This is the first booky session I’ve been to with both my Mum and Dad. And a friend. Both had heard about Nick Davies, and didn’t know he was coming to Christchurch for the WORD Christchurch Autumn Season. So we were a keen crew, as were the rest of the crowd. Joanna Norris, editor of The Press, was in the chair – she’s great – en pointe at all times, and with rich journalistic knowledge.
Nick is a Guardian journalist. He investigated the phone hacking that was rife in British newspapers:
The story began in 2007 when the Royal Editor of The News of the World was imprisoned for hacking into voicemail messages of staff at Buckingham Palace.
He was contacted by a insider who had all the information. Once the stories started coming out it grew massive – 200 people were complicit and 5500 victims affected in phone hacking scandal. It went straight into the world of power, but the difficulty was to prove it. The Guardian posted stories, and may have left it there – but it became locked into the story by the aggressive responses of people like Rebekah Brooks, then CEO of News International:
Our credibility was at stake.
Nick gave us a great insight into the murky world of the tabloid hacks – phone tapping, corruption, prostitutes, cocaine, the lot. The bad guy tabloid hacks are “very very sleazy”. Nothing is off limits. He sees the hounding of Princess Diana by the newspapers as a turning point.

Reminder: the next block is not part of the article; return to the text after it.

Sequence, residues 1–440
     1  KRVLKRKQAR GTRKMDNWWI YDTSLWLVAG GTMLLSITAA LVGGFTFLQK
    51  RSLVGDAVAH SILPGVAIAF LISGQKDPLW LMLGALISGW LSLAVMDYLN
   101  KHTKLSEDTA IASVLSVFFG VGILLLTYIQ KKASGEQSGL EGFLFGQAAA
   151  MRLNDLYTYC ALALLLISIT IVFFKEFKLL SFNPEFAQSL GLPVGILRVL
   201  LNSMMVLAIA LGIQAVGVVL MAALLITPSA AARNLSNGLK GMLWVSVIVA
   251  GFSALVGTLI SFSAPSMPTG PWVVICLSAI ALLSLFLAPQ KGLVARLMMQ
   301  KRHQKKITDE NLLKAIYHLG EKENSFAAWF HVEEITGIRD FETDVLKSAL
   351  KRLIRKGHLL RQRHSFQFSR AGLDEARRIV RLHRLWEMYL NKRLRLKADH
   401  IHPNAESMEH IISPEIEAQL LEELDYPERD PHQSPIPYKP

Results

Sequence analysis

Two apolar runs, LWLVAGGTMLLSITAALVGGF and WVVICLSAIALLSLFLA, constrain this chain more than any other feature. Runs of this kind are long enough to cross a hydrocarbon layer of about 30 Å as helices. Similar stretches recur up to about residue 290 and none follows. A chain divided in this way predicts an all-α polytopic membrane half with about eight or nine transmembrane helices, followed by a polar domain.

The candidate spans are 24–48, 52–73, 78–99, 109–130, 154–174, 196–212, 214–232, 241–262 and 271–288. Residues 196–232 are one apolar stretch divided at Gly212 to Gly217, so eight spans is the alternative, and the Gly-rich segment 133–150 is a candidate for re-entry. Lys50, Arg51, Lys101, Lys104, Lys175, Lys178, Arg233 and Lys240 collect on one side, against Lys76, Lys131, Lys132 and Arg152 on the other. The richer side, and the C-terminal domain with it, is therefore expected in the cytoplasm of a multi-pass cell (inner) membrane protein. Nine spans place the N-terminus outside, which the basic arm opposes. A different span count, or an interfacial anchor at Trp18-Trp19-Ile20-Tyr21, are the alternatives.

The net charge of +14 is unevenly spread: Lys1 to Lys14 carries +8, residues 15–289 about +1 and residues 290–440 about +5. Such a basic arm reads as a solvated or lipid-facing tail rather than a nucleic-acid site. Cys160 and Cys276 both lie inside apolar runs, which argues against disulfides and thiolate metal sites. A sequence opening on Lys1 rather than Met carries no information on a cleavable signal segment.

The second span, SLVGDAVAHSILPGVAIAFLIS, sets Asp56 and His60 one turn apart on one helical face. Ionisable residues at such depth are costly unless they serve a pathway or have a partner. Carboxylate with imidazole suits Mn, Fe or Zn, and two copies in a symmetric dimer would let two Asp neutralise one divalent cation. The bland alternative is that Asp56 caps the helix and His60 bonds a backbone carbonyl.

The wall of deference was broken down & everyone was now fair game … Diana’s life was ransacked for stories.
Tabloid newspapers are “peculiarly ruthless” and riddled with “cruelty and hypocrisy”:
What they do is reputational violence.
This works most effectively against the power elite. The rich and powerful see their fellows brought down by scandal, and don’t want it to happen to them.
Nick had quite a good theory as to why it is that our newspapers are relatively “gentlemanly” as opposed to the UK tabloids. New Zealand ‘s difficult geography and sparse population means that we haven’t developed a national newspaper. Our papers are provincial. But in the UK, 12 to 15 newspapers were all competing in a rich market.
Discussion moved to the recent UK election and the role of the newspapers.
Since 1979 noone has been elected without Rupert Murdoch’s support.
Some newspapers “pumped the electorate full of misinformation”. Ed Milliband was portrayed as an “unreliable, untrustworthy nutcase”. Every party “needed a Murdoch man in their office”. Cameron had Coulson, but Milliband had a Murdoch connection too because:
You have to build a bridge to Rupert.
Nick explored more the parlous state of journalism and public relations:
The PR stuff can go in the bin – we decide what is news. … Honesty is the main thing in journalism.
A great discussion – and the issue is of ongoing interest. Read the book, and follow @bynickdavies and keep up with it all.
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